There are a few areas in which Ball deviates quite significantly from conventions in the creation of this film. Based on a surface-level analysis, you’d be led to thinking that Uncle Frank is yet another entry into a very familiar kind of film – the irreverent comedy that uses larger-than-life characters in outrageous situations as a means to provide an in-depth exploration of far more serious themes. It’s a formula that works, but has become too conventional, which is troubling considering how this method was employed as a means to directly oppose the trivializing of queer issues on screen. Uncle Frank is far more intelligent than to be reduced to such a hackneyed structure, which is undoubtedly the result of someone with as assured a vision as Ball being behind the camera. Delving deep into a wide array of serious issues, which are presented with much more tenderness than we’d expect, the film constantly opts to take a path that may be filled with more obstacles, but allows the film to emerge victoriously, a much more meaningful text on negotiating identity than even the most profound works of gay-oriented literature tend to have trouble achieving. The humour is present but much more subdued – the storyline itself isn’t played for laughs, with the absence of trite attempts at deriving humour from awkwardness of low-level deviation being replaced with a more earnest approach to finding the gentle levity in the most unexpected places. It may mean that Uncle Frank isn’t a particularly funny film in the traditional sense, and its irreverence disintegrates almost immediately when the film hits its stride – but when you have a story as strong as the one Ball wove here, it doesn’t make much of a difference, and instead allows for a far more touching story to manifest from these fragments of melancholic nostalgia that Ball infuses into nearly every frame of the film.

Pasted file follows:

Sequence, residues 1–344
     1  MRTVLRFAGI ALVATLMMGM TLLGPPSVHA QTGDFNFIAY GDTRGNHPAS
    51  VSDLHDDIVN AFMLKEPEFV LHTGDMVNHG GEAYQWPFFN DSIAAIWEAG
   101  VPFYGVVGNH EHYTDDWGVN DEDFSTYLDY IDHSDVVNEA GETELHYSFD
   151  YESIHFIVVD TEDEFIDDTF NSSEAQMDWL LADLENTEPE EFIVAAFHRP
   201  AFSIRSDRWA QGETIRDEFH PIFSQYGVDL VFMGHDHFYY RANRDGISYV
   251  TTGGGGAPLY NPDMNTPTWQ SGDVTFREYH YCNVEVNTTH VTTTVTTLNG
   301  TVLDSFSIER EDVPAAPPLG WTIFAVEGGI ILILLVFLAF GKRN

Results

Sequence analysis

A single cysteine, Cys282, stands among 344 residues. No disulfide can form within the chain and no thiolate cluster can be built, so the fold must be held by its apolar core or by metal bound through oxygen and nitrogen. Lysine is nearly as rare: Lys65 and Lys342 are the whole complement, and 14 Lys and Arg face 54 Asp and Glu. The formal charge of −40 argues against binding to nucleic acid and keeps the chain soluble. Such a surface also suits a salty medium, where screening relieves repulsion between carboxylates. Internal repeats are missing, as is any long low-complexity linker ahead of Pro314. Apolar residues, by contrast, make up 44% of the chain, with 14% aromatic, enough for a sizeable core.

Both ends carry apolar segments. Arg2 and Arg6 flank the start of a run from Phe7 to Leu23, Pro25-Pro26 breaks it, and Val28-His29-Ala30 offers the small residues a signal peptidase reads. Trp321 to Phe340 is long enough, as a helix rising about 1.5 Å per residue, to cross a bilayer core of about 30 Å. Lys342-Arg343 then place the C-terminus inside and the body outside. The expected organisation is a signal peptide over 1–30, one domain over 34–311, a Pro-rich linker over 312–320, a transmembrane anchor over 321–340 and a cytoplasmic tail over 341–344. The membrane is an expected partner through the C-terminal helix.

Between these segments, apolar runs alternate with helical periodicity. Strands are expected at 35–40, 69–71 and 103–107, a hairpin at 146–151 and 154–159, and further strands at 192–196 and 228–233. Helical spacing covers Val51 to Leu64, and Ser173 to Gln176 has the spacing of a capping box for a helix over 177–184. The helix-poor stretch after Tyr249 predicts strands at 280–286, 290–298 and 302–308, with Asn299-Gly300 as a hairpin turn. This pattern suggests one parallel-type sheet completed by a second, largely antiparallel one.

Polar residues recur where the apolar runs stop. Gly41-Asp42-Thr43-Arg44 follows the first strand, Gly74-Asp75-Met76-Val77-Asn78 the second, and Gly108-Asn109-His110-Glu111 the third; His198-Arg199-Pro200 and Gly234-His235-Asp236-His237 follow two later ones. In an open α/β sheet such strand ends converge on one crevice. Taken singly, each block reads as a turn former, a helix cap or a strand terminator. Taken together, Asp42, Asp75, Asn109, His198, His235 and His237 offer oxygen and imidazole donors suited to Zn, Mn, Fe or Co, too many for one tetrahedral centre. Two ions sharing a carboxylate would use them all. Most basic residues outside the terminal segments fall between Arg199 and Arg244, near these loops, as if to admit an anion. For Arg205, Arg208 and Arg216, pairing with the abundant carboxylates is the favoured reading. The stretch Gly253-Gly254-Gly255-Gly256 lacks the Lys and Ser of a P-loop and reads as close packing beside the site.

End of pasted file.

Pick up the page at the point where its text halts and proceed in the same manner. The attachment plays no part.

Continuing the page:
Uncle Frank is a strong film – it may not be a departure from the recent wave of films focused on queer stories, especially since it seems more intent on contributing to a wider discourse as opposed to reinventing the genre. Having worked in queer-adjacent media for most of his career, Ball is incredibly knowledgable about how these kinds of stories unfold, both in terms of the literary context and in reality, which lends his work a rich, varied aura that helps it significantly in capturing the attention of the audience, who may not be expecting such a hard-hitting series of conversations to come from what appears to be just a quirky, well-meaning comedy, but becomes more of a lightweight drama that is clearly willing to venture deep into the recesses of its thematic context, extracting meaningful content that may be quite challenging, but ultimately yields significant space for genuine, earnest discussion that would otherwise not have been facilitated by a more blase approach to the material. This is bound to become an essential text when it comes to stories of sexuality – less of the common coming-of-age story, where a young person flirts with forbidden desire, and more of a complex elegy to a generation of lost souls who suffered under oppressive socio-cultural systems, Uncle Frank is a powerful ode to not only discovering one’s identity, but also celebrating it. Equally thought-provoking and tear-jerking, this film is a wonderfully heartfelt exploration of themes much larger than the form they arrive in, and through its honest and unflinching manner of looking beyond the confines of the genres it traverses, Uncle Frank becomes an absolute triumph, and a true gem from a year brimming with fascinating glimpses into life in various forms.